[Inspired by SUN’s work, The Shalom Center in 2013 sparked the creation of a solar-co-op in our neighborhood in Philadelphia – the Northwest Philadelphia Solar Co-op (NAPSACK for short).   For information on and from SUN, click to  -- AW, editor]

I live in Washington, DC. Solar United Neighbors began in 2007 when my son Walter was searching for a Tikkun Olam project for his bar mitzvah. Shortly thereafter, he and his friend Diego saw the Al Gore film “An Inconvenient Truth”  They decided they wanted to install solar panels on their homes. When I looked into going solar, though, I discovered it was complicated and expensive.

But Walter and Diego would not be talked out of it. I wondered if some sort of bulk purchase might make solar affordable. Diego and Walter knocked on doors throughout their neighborhood. In just two weeks, they signed up 50 neighbors who also wanted to go solar.

That group, the Mt. Pleasant Solar Cooperative, helped 45 neighbors go solar. Participants worked together for their rights as energy producers. They persuaded the D.C. Council to pass legislation that created a local market for solar. They also shared their success with friends and neighbors. Soon after, other neighbors from across the region started organizing solar co-ops and fighting for better solar policies together.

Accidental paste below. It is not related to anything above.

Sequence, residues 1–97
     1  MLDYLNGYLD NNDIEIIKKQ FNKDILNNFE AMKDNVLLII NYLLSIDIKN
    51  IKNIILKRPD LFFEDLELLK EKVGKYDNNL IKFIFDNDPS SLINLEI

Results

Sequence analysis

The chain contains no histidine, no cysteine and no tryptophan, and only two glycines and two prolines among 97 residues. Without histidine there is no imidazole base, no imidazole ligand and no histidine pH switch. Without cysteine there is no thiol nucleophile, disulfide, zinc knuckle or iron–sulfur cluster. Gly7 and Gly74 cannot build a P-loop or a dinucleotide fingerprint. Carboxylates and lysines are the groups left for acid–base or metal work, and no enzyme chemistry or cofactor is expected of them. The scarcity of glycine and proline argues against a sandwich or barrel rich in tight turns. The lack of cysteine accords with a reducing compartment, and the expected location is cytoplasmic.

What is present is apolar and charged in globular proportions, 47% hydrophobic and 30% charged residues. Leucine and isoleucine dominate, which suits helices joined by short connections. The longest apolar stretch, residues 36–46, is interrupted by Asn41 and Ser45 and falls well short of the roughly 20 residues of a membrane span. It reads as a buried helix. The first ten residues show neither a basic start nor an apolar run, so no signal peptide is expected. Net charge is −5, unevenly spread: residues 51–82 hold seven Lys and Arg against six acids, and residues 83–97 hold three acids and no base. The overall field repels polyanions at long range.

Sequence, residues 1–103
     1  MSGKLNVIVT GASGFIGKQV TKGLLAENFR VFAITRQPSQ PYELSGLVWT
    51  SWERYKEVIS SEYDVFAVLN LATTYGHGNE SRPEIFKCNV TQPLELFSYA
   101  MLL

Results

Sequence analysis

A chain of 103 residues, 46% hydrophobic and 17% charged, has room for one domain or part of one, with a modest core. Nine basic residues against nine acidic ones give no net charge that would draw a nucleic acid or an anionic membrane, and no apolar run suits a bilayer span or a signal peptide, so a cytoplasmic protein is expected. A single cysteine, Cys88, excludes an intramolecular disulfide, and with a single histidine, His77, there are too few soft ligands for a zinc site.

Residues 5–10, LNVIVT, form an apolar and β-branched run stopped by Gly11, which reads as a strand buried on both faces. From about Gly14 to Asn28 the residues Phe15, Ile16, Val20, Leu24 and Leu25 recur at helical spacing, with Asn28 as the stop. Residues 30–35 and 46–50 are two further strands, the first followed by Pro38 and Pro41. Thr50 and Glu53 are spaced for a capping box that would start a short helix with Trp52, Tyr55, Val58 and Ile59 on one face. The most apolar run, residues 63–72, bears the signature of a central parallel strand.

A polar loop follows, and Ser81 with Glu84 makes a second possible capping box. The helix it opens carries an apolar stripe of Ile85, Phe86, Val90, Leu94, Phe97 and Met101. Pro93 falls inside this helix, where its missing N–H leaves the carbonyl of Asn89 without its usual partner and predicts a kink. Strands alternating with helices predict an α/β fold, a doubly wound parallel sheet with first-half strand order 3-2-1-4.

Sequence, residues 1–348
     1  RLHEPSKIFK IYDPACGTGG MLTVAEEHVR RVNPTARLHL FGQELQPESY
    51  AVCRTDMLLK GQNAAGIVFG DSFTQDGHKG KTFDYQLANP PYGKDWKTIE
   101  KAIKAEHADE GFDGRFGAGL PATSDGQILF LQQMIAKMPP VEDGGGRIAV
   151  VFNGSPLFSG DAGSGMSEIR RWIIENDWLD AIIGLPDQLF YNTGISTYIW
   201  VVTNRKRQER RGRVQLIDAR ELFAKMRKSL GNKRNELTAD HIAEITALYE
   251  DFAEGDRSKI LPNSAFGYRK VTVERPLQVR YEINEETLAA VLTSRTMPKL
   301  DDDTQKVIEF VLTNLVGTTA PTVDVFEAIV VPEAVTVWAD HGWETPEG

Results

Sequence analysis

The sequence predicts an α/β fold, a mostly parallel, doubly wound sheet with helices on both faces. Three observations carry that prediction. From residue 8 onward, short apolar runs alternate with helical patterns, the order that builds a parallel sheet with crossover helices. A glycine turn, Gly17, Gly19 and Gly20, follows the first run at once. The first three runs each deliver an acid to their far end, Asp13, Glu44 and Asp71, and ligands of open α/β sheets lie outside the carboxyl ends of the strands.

Solar United Neighbors grew out of this movement. The organization has expanded across the country, doing on-the-ground projects and helping communities everywhere take control of their energy. Today, through the implementation of a group purchase—known as a solar co-op --  Solar United Neighbors has helped more than 3,500 homes go solar.

A solar co-op is a group of homeowners in a defined geographic area who use their combined purchasing power to ensure they receive the most competitive solar installation. Solar installers face significant costs finding, qualifying, and educating solar customers.

By forming a group of interested buyers, co-op members ensure the most competitive pricing because the co-op has already done some of the work of finding customers for the installer. Furthermore, solar co-ops allow neighbors to work together to eliminate barriers to roof top solar, like cumbersome permitting requirements, shortsighted HOA rules, or unfair compensation from utilities.